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 Table of Contents  
ORIGINAL ARTICLE
Year : 2015  |  Volume : 10  |  Issue : 4  |  Page : 129-132

Comprehensive geriatric assessment test in elderly cancer patients


1 Department of Hematology and Oncology, Rasoul Akram Hospital, Iran University of Medical Sciences, Tehran, Iran
2 Department of Hematology and Oncology, Shariati Hospital, Tehran University of Medical Sciences, Tehran, Iran
3 Department of Microbiology, Urmia University, Urmia, Azarbayjan Gharbi, Iran
4 Department of Hematology and Oncology, Shariati Hospital, Tehran University of Medical Sciences, Tehran, Tehran
5 Medical Biology Research Center, Kermanshah University of Medical Sciences, Kermanshah, Iran

Date of Web Publication15-Dec-2015

Correspondence Address:
Mohsen Arabi
Department of Hematology and Oncology, Shariati Hospital, Tehran University of Medical Sciences, Tehran
Iran
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DOI: 10.4103/1858-5000.171861

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  Abstract 

Background: Cancer is the first cause of the death among the people with 65–75 years age, and about 60% of cancers are diagnosed at age over 70. In this study, the impact of comprehensive geriatric assessments (CGAs) on the quality and the length of life in disabled elderly cancer patients were evaluated. Patients and Methods: In an interventional study, 70 patients with cancer were randomly divided into two treatment and control groups. The patients were evaluated during a 6-month study using CGA test. Results: The patient's mean age was 4.2 ± 67.1 years. It was shown that CGA intervention had no impact on physical activity tests, including instrumental activities of daily living and activities of daily living, but a significant improvement was shown in patient's psychological status using geriatric depression test. Conclusions: The results of the current study showed that CGA interventions have a positive effect on the quality of the life of the elderly cancer patients.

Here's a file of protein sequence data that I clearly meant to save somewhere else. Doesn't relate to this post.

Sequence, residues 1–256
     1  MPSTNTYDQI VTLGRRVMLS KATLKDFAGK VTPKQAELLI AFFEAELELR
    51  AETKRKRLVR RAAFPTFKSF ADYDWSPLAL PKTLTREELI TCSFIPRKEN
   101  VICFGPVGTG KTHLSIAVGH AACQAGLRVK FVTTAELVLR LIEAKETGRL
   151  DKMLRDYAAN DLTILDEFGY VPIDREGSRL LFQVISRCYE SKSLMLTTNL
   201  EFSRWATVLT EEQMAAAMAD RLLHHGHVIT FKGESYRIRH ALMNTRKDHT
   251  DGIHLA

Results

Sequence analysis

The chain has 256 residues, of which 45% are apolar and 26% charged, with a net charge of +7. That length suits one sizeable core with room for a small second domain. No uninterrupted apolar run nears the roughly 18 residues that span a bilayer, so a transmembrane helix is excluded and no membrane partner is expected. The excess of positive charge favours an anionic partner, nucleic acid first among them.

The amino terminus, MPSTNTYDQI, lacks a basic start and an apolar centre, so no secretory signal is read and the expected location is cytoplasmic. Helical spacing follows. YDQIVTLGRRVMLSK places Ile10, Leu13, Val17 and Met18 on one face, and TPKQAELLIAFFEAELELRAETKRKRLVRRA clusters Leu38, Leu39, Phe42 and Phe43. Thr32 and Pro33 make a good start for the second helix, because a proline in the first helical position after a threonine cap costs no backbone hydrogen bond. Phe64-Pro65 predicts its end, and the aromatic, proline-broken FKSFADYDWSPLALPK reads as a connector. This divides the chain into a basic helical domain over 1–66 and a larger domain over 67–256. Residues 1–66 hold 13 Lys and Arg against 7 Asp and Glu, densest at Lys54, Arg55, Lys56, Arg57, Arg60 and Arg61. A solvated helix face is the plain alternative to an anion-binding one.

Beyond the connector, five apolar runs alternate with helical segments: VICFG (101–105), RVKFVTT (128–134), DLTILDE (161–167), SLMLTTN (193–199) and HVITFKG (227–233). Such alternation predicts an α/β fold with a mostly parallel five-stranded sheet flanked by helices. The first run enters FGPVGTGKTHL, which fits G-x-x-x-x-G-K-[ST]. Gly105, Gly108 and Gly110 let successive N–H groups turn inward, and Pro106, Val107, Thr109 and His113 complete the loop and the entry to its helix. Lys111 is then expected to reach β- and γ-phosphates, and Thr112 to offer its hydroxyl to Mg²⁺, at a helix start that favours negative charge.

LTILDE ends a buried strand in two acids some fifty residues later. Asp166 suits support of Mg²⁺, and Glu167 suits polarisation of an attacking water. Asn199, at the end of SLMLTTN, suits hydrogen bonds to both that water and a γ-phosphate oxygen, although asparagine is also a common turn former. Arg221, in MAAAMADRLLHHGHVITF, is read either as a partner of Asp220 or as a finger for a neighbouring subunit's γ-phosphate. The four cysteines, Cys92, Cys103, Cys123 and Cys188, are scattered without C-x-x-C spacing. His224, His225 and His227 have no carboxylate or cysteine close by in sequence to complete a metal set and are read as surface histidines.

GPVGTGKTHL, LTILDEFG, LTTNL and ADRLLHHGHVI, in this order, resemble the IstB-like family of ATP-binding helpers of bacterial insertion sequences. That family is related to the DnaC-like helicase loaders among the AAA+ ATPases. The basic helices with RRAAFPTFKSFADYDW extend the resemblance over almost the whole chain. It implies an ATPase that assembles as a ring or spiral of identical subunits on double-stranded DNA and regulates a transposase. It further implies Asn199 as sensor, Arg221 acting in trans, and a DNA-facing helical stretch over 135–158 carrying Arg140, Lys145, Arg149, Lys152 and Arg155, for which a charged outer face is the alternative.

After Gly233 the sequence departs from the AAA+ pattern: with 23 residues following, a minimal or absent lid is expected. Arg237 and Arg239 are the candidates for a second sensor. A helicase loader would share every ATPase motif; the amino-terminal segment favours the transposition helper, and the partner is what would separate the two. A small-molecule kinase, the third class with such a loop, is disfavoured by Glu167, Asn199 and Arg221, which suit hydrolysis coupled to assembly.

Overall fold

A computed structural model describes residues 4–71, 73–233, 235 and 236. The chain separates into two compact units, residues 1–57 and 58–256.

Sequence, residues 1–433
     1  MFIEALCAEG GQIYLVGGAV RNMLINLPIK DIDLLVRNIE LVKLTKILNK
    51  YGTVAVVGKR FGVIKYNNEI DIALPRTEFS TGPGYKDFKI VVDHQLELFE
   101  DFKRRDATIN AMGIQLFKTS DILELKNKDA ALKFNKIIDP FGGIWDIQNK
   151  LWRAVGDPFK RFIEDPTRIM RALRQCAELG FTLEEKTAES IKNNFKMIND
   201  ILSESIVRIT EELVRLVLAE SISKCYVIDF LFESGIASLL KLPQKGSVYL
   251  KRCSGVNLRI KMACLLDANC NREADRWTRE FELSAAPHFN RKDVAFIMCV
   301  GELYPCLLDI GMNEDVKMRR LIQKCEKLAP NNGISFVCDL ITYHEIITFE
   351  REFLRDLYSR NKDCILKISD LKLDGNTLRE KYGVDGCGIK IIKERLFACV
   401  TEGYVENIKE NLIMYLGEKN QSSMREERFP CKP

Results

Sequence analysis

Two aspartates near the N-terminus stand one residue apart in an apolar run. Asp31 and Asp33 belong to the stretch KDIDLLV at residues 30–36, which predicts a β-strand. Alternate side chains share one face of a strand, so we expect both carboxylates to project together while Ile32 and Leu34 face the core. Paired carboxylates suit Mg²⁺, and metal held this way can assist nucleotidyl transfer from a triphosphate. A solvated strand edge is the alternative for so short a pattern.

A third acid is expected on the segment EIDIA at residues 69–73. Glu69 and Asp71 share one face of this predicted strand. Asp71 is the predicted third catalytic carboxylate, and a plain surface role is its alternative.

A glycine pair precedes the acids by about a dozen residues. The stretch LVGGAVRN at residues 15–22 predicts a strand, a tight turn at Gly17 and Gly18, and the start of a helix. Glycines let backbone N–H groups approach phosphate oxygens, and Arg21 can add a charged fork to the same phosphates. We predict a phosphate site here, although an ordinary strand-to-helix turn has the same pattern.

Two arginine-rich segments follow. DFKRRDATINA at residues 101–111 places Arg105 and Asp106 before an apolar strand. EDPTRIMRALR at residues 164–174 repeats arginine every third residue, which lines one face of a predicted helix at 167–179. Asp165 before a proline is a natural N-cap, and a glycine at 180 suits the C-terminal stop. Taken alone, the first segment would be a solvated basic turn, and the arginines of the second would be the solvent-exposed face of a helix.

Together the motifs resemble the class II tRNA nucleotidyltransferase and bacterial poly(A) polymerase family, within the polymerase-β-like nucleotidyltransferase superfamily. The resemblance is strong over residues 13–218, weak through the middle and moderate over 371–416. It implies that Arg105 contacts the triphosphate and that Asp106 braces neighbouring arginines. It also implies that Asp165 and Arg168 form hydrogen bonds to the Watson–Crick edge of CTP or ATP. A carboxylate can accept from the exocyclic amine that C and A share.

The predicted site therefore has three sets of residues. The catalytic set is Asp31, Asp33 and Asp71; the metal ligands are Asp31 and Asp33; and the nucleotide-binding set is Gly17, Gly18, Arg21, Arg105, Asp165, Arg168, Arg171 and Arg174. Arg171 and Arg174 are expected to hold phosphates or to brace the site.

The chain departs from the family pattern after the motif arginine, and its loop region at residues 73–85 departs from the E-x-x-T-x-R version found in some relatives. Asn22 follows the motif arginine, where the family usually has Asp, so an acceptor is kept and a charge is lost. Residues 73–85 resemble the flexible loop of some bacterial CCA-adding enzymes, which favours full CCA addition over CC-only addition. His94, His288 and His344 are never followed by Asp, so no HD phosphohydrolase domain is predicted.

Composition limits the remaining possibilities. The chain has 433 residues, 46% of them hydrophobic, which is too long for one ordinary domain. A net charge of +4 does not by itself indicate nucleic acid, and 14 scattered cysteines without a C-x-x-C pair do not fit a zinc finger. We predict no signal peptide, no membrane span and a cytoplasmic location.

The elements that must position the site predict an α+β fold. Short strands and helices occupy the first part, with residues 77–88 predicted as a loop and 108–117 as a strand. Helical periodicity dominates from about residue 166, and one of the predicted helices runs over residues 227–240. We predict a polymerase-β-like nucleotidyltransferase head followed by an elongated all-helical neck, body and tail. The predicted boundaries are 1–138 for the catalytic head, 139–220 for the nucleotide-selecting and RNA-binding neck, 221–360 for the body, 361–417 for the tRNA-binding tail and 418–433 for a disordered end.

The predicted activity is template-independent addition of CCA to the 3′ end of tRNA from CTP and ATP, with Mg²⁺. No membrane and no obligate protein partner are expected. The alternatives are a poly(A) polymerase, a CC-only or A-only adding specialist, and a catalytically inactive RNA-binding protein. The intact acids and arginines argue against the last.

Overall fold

Keywords: Comprehensive geriatric assessment, depression, elderly cancer patients


How to cite this article:
Ahmadi AS, Zavarreh RH, Vakili M, Kaffan S, Arabi M, Agah S, Tabrizi G, Mahmoudian A, Payandeh M, Sadeghi M. Comprehensive geriatric assessment test in elderly cancer patients. Sudan Med Monit 2015;10:129-32

How to cite this URL:
Ahmadi AS, Zavarreh RH, Vakili M, Kaffan S, Arabi M, Agah S, Tabrizi G, Mahmoudian A, Payandeh M, Sadeghi M. Comprehensive geriatric assessment test in elderly cancer patients. Sudan Med Monit [serial online] 2015 [cited 2018 Aug 15];10:129-32. Available from: http://www.sudanmedicalmonitor.org/text.asp?2015/10/4/129/171861




  Introduction Top


The world population figures estimate a continuous growth in the global population rate. However, because of the decline in reproduction rate, the world population is getting older.[1] Currently, 8.7% of the Iran population is over 65 years old, and the number of people with disability is not known. According to the figures, 10–30% of the world population are old.[2],[3],[4]